In the late afternoon we went to Sunshine City, a well known, giant shopping center, that extends over several floors. However, shopping is not the only thing you can do there: in the building there are also an aquarium, two amusement parks and a planetarium. We visited Namco Namja Town, one of the amusement parks. Altough it seems to be made for little children, you can find all kind of people there. Sadly most of the attractions are in Japanese. Nevertheless we went into the Grudge Inn, sort of a haunted house (it didn´t require that much Japanese skills). It was very funny and a bit scary too!
To finish the day, we went through the Gyoza Mile to get us some delicious tasting Gyoza.


Namco Namja Town Gyoza Mile

Shibuya and Shinjuku

We started the 4th February off by visiting Shibuya Station to see the statue of Hachikō and to have breakfast. Those few of you who do not know about the famous japanese Akita should really look him up at Wikipedia


Hachikō statue

This time, we tried a more western style breakfast which included a hard boiled egg, a very thick piece of toast with ham, cheese and mayonnaise, salad and coffee. It was quite cheap, especially because it contained coffee, which is quite expensive in Japan.

After that, we headed back to the station and went to Harajuku Station to visit Yoyogi Park and the Meiji-Shrine within. Unfortunately, it started to rain as we left the station. Nonethless the park and shrine were really impressive and we were able to get another entry for our temple book.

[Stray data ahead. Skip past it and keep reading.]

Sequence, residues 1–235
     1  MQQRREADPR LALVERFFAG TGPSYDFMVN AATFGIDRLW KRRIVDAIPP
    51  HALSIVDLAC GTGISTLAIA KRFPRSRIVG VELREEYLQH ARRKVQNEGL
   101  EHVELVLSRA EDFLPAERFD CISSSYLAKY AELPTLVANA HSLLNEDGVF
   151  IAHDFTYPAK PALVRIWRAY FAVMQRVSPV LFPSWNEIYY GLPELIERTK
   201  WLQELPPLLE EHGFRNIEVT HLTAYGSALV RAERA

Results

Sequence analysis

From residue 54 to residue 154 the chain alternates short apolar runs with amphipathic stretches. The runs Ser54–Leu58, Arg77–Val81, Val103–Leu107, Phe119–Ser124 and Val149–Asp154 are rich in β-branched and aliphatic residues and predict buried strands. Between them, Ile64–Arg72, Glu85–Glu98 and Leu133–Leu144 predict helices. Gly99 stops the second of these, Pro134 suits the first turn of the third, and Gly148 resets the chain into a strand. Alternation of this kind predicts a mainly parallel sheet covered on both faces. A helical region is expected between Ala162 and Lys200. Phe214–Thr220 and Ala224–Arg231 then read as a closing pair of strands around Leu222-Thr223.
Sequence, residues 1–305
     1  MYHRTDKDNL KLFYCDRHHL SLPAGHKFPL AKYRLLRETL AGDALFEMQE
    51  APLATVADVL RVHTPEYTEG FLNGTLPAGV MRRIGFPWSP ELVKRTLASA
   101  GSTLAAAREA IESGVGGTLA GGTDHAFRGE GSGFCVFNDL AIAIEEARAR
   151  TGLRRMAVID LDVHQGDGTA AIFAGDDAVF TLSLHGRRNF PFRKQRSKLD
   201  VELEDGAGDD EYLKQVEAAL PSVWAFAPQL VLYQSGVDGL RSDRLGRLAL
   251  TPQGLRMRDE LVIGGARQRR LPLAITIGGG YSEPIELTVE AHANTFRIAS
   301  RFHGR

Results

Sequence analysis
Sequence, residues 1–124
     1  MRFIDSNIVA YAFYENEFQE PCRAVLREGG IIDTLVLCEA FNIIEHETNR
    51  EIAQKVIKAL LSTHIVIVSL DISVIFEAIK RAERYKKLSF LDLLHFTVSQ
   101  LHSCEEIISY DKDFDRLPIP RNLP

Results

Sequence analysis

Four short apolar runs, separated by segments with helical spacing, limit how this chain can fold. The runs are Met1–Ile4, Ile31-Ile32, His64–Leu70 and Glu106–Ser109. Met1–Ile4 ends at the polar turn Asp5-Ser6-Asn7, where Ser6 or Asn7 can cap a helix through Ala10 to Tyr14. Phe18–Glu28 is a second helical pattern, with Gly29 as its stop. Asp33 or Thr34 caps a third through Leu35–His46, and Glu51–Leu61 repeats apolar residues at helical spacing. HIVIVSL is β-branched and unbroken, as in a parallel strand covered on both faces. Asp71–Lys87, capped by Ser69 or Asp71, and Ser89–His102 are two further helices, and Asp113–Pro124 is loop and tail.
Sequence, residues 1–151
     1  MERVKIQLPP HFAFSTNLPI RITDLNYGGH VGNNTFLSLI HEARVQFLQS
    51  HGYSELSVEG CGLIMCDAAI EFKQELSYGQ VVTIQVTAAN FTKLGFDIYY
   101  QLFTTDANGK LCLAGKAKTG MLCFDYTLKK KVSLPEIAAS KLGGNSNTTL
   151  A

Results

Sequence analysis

yoyogi gate

Yoyogi park entrance gate

sake barrels

sake barrels at Yoyogi park

meiji shrine

meiji shrine

We left the park and headed right for the Japanese Sword Museum. The museum was a bit smaller than I had imagined and was spread over two floors. The first floor explained the process of creating a japanese sword, while the second one contained the exhibition of blades and sword parts form the 14th to the 20th century. Sadly, photographs were strictly prohibitted at the second floor, but the exhibition was really impressive.

not quite as easy as it looks ;)

how to create a katana

After the museum we went straight to Shinjuku. We went to an amazing udon shop, which Mike explained an entry earlier (“Japanese Food”). Then we headed right into the streets and shops of Shinjuku. The weather had changed from rain to heavy snow so we did not manage to get any good pictures neither from our trip through that part of Tokyo, nor from our visit to the observatory at the 45th floor of the Metropolitan Government Building.